I work in an elevator, and I push people’s buttons for a living.
It’s my duty and I perform my responsibilities well.
At times, I’ll press the button requested for a wrong floor. They’ll get off and get back on, recognizing the unfamiliar surroundings. They’ll get agitated. They’ll feel confused. But they’ll quickly get their wits together and request a different floor. I remember, I push the buttons. Not them. I’ll exude a laugh and resume pushing buttons.
I do this for a living, patiently pushing buttons.
A few instances involve pets. I’ve had passengers with overzealous canines. Yes, they’re on a leash, but the residential elevator cab is only 4x4. I get slobbered on. But I gradually dry off within the next 45 minutes. Exotic pets, like Cocoa the anaconda, hardly phase me. Too many rarities have graced my elevator floor.
I remind myself, “This too shall pass.”
It takes under 30 seconds to travel from the ground floor to any upper floor without interruptions. Fortunately, the elevators in the building in which I currently operate are equipped with high-tech mechanisms. I’ve had similar jobs in the past where the elevators were rudimentary, making each transport feel like a lifetime in certain instances.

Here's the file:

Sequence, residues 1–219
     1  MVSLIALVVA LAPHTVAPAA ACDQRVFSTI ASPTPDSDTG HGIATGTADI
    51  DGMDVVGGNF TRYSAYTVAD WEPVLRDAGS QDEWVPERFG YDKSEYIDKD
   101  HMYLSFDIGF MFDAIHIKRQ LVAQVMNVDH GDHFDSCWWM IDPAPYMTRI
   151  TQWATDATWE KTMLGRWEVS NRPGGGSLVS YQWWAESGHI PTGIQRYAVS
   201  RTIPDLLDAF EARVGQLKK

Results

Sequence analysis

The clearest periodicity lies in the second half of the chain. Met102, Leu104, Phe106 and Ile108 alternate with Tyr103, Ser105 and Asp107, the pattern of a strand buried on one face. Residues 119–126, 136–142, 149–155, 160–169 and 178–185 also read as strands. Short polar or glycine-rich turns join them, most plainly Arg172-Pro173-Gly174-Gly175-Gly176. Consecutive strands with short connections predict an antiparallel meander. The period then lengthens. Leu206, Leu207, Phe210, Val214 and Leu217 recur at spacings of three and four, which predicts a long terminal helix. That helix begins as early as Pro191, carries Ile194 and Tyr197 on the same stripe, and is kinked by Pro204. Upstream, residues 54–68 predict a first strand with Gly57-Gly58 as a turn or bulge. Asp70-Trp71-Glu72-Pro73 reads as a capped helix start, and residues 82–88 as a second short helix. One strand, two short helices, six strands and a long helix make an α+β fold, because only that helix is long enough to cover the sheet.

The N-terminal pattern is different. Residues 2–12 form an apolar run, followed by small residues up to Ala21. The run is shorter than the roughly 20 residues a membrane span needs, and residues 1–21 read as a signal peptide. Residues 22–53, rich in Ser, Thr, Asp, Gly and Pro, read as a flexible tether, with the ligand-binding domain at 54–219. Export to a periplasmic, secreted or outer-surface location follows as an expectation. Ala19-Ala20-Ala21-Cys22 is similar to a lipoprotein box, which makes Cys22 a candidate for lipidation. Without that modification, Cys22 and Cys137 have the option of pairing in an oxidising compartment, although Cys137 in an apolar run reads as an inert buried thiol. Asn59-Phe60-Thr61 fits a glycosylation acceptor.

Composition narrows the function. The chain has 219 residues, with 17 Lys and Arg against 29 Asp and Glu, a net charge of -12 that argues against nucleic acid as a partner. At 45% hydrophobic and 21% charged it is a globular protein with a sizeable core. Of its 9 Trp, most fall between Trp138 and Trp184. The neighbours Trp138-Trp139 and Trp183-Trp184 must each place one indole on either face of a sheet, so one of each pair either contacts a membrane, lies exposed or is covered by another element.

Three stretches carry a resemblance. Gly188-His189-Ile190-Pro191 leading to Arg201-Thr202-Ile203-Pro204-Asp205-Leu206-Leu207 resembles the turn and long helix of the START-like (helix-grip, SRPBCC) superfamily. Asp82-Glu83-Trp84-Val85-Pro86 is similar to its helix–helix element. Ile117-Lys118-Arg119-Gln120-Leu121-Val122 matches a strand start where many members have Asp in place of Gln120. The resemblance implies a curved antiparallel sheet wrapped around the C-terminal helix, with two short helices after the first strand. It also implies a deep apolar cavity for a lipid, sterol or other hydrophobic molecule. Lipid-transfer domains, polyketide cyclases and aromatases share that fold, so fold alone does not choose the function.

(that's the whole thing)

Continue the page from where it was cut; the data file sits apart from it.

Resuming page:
I remember I push the buttons.
Other times, I get involved in unpaid therapy sessions, where my passengers unburden their troubles on the next old soul. I empathize. Some problems are too impossible. I play a song in my head—on repeat.
Recently, a passenger and I got stuck due to a faulty circuit. I pressed the Help button. As we waited for assistance over the next hour, he perfectly played the role of Super Complainer. I complained along with him. It takes two to be merry.
In the elevator, I’m in charge. I love my job. I push the buttons.